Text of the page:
In the last decades the communities in the Himalayan mountains of the Ladakh region in India have started to become climate refugees forced to abandon their valleys due to water issues. The Himalayan glaciers have been receding and water scarcity has never been so dire.
A few years ago, the ingenuity of Sonam Wangchuk, a Ladakhi engineer and innovator, brought about a beacon of hope. In 2015, he prototyped ice stupas, artificial glaciers resembling Tibetan religious stupas that store winter meltwater and slowly release it for the growing season in spring, when water is most needed.
At the inauguration of the project in 2015, roughly 1,000 villagers planted 5,300 saplings of willow and poplar trees using melted water from the ice stupas. The desert became cultivated land. In the years that followed numerous villages in Ladakhi region started to build ice stupas every winter. In winter in 2019 several valleys built their own ice stupas.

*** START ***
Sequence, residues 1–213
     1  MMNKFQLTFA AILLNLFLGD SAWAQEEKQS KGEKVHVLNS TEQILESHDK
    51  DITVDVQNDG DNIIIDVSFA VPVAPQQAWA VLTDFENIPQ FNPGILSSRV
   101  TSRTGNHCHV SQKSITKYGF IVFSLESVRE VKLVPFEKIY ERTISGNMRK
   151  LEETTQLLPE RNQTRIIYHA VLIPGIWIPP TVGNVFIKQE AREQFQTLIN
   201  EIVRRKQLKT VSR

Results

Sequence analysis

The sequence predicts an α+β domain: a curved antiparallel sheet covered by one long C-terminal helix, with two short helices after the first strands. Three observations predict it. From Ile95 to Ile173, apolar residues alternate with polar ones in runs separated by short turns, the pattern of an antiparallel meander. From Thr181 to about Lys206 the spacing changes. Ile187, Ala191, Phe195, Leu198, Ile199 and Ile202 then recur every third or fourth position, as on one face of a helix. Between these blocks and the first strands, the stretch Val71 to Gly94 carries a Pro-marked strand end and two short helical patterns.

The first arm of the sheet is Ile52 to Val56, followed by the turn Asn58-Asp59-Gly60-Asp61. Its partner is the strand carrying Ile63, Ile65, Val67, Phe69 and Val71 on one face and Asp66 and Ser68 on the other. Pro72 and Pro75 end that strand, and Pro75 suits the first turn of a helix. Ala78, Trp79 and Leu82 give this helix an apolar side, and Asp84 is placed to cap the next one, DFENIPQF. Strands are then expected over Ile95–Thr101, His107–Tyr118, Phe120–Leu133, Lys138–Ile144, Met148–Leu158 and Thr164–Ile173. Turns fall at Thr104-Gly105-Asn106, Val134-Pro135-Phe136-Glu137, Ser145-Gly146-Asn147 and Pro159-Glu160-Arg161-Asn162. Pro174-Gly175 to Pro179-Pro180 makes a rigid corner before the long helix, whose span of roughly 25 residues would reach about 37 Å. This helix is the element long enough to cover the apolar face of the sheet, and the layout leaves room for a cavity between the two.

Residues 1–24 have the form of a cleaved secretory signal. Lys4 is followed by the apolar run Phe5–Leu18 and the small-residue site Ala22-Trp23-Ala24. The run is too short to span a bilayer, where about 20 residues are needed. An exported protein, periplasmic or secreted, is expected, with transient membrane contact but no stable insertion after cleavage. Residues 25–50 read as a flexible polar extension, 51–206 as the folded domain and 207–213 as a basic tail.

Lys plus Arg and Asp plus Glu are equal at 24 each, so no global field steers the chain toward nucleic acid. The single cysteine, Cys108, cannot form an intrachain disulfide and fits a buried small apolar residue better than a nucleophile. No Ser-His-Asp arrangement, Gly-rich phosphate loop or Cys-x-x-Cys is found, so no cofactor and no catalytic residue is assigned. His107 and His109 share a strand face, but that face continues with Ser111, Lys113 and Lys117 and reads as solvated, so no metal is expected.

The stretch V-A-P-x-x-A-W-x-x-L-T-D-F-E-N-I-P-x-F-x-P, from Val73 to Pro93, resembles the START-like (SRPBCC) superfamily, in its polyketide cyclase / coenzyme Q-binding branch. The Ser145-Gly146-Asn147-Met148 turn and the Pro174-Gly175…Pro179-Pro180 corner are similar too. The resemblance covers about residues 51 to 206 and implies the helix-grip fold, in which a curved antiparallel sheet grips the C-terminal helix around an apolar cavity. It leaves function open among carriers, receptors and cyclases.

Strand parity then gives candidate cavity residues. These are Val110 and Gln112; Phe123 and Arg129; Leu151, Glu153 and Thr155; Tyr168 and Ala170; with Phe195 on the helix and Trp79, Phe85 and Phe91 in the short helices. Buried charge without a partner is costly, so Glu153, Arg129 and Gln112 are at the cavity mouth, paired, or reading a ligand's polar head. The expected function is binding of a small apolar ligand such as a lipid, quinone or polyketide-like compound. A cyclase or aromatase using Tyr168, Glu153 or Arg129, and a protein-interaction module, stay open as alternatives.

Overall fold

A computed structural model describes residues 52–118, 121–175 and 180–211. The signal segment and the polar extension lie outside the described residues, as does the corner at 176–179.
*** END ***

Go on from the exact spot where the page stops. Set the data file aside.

In the eyes of the Wangchuk, the founder of the Ice Stupa International, the ice stupas should not be considered as a solution to the challenge. In his view, they stand for a final attempt of the Himalayan mountain communities to fight climate change. The real solution, in his opinion, lies in the responsibility of the nations’ governments and people living in urban areas that should adopt environmentally-friendly lifestyles to reduce emissions.
I have been following Wangchuk and his team’s efforts almost from the start. As a documentary photographer, I soon understood the importance of the visual representation of this story. In 2018 and 2019 I visited the region to document the incredible scale and impact of the Ice Stupa movement.